Susanna Sloat is a writer, editor, and arts consultant in New York City who has written about a diverse range of dance. She is the editor of Caribbean Dance from Abakuá to Zouk: How Movement Shapes Identity (winner of the de la Torre Bueno Prize for 2003) and of Making Caribbean Dance: Continuity and Creativity in Island Cultures. She served as a Center panelist in dance from 2009–10 and as a LOI panelist in 2011.
Two Center-funded performance projects presented by FringeArts at the 2015 Fringe Festival—Available Light and After the Rehearsal/Persona—have gained positive reviews in The New York Times.
Choreographer Jawole Willa Jo Zollar is founding artistic director of Urban Bush Women, a performance ensemble dedicated to exploring the use of cultural expression as a catalyst for social change.
Brian Phillips (Pew Fellow, 2011) is founding principal of Interface Studio Architects, based in the South Kensington area of Philadelphia.
WXPN’s yearlong Center-funded project Zydeco Crossroads continues with a free dance party featuring the Grammy-award winning zydeco funk band Chubby Carrier and the Bayou Swamp Band.
Legendary downtown theater artist Richard Schechner asks, “What’s the difference between forgery and art,” between “new” and “original?”
Jamillah James is assistant curator at the Hammer Museum in Los Angeles.
Caribbean-American dancer-choreographer Tania Isaac (Pew Fellow, 2011) fuses choreography with personal documentary and social commentary.
David Kiehl became curator of prints at the Whitney Museum of American Art in 1993. Previously, he curated at the Metropolitan Museum of Art and the Wolfsonian Foundation in Miami Beach.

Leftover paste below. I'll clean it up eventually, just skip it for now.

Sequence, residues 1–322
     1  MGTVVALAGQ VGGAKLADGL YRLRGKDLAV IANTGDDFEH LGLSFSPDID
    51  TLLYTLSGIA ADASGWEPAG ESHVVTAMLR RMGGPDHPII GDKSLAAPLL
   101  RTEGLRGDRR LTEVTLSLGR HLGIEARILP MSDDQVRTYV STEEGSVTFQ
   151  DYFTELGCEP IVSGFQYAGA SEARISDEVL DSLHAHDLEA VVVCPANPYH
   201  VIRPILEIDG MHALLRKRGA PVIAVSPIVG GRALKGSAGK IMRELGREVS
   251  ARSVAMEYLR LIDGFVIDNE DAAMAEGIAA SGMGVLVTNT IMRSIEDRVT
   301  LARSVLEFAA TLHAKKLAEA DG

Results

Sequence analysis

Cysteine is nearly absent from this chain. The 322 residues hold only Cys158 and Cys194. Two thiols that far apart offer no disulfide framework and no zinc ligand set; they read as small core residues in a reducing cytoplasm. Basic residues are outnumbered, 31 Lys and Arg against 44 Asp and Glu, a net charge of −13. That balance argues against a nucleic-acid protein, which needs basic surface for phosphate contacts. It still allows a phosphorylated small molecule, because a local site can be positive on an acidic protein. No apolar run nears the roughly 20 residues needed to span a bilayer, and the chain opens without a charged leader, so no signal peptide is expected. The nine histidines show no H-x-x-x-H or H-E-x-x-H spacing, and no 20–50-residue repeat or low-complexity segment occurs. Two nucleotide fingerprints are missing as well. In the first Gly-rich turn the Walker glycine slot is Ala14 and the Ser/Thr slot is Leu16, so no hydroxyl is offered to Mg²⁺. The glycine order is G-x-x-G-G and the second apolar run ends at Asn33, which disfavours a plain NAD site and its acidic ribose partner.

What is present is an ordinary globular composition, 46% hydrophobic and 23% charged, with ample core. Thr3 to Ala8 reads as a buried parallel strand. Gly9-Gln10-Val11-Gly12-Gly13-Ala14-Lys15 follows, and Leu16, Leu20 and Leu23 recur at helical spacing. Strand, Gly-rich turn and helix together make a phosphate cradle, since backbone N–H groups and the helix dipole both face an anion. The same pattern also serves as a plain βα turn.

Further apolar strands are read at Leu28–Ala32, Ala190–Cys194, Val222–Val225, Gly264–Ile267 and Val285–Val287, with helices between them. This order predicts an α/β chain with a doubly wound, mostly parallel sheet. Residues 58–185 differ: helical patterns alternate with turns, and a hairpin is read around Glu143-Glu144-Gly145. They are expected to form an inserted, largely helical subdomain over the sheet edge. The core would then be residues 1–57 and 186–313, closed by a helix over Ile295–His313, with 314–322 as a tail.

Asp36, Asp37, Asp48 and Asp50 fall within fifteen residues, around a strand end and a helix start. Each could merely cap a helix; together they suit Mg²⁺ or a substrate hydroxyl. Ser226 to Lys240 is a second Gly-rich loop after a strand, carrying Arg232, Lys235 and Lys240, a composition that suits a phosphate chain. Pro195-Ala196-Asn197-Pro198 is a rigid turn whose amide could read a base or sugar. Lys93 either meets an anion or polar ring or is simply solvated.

WXPN’s yearlong project explores the origins and evolution of zydeco, a form of African-American roots music that blends Cajun traditions, blues, and R&B. On Saturday, December 13, Zydeco Crossroads and Allons Danser welcome zydeco musicians Rosie Ledet & the Zydeco Playboys to Norristown’s Holy Saviour Club for a holiday potluck and dance party.
On February 21, 2015, the Center launched our new multimedia online publication, A Steady Pulse: Restaging Lucinda Childs, 1963–78, at Danspace Project in New York City.
Merián Soto continued to develop the Branch Dance Series, a deeply meditative, multimedia performative process that became the basis for her piece in the 2009 FringeArts Festival.
Pasión y Arte’s Philadelphia Flamenco Festival will host this film screening of Carlos Saura’s Bodas de Sangre (Blood Wedding), featuring a discussion with Michelle Heffner Hayes.